Washington, D.C. — The National Institute of Building Sciences, through its Multihazard Mitigation Council (MMC) and Council on Finance, Insurance and Real Estate (CFIRE), released a new white paper to promote the use of private and public incentives to achieve resilience in U.S. communities.
Resilience has come to occupy a place in public policy and programs across the United States. Yet, even in the face of growing losses, the nation’s capacity and appetite is waning for continued funding of federal and state disaster mitigation efforts. This lack of support will likely result in an increased need for funding response and recovery efforts following disasters in the future.
In 2014, the MMC and CFIRE assembled a multi-sector team of experts to look at private/public-sector opportunities to induce corrective action, known as “incentivization.” The team examined the concept of incentivization, strategies for its implementation and important actions to set this approach in motion.
In the white paper, Developing Pre-Disaster Resilience Based on Public and Private Incentivization, the MMC/CFIRE team offers a new approach — one focused on capturing all of the potential incentives provided by the public and private sectors for pre- and post-hazard investment. The team concludes that the most cost-effective manner to achieve resilience is through a holistic and integrated set of public, private and hybrid programs based on capturing opportunities available through mortgages and loans; insurance; finance; tax incentives and credits; grants; regulations; and enhanced building codes and their application.
The current methods to incentivize investment in resilience strategies rely on three primary mechanisms: federal grant programs (with some support from private foundations); insurance premium discounts for implementing measures to reduce vulnerability; and the political will of communities, either in the wake of a disaster or before an event occurs, through the foresight of community champions. While these approaches have provided a level of resilience, they have taken the nation only so far.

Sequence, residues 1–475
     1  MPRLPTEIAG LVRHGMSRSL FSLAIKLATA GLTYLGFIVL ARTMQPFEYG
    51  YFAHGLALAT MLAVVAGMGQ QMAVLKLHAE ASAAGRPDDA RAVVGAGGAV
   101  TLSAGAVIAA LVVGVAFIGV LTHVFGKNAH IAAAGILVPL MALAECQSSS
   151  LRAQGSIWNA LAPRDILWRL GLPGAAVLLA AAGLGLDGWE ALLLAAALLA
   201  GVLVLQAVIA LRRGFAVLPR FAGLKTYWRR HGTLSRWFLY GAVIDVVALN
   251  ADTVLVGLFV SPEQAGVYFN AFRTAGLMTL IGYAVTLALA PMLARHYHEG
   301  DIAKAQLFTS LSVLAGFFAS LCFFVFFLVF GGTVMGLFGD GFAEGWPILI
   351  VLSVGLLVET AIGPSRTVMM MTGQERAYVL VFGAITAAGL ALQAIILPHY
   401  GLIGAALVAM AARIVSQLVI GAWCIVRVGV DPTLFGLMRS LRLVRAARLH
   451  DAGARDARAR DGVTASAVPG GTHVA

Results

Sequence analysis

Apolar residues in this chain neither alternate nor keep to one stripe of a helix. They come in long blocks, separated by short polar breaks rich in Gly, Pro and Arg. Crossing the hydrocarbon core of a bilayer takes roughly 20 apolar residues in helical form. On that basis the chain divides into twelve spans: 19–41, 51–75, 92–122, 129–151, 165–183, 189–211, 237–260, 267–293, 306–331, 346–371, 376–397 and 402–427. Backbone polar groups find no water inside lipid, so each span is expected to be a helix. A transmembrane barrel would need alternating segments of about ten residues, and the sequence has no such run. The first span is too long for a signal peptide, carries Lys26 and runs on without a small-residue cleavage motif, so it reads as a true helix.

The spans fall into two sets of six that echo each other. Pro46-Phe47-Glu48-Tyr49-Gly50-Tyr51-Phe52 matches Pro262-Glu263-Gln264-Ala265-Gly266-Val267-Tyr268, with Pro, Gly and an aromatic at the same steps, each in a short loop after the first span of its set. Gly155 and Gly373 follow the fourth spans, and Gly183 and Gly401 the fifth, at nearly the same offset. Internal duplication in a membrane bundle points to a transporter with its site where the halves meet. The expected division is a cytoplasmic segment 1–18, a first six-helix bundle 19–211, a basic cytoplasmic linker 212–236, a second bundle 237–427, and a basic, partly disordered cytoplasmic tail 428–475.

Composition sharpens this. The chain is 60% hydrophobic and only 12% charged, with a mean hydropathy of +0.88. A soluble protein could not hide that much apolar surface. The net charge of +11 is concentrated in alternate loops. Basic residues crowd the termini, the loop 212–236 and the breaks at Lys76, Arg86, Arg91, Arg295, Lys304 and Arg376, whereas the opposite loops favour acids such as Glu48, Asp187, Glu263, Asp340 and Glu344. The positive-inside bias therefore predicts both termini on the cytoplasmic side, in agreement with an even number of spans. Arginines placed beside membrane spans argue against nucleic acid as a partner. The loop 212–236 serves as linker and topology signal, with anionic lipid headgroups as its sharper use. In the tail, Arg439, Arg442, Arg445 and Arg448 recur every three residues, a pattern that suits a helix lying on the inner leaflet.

This new approach calls for input, consensus, leadership and action from a broad spectrum of stakeholders — financial institutions, insurance companies, foundations, federal and state governments, business, utilities and home-owners — that represent the entire U.S. incentivizing community and the regulatory and economic processes that need to be developed and coordinated to make incentivization part of the nation’s economic fabric.
The white paper identifies a number of possible strategies that stakeholders can use, as the next step, to begin developing the public-private incentives to support resilience. With these approaches, the MMC/CFIRE team hopes that in time, promoting and implementing resilience will become part of common business practices, and integral to maintaining and enhancing the nation’s economy.
Download Developing Pre-Disaster Resilience Based on Public and Private Incentivization at http://enews.nibs.org/t/r-l-zilskd-dyjyluuuju-yd.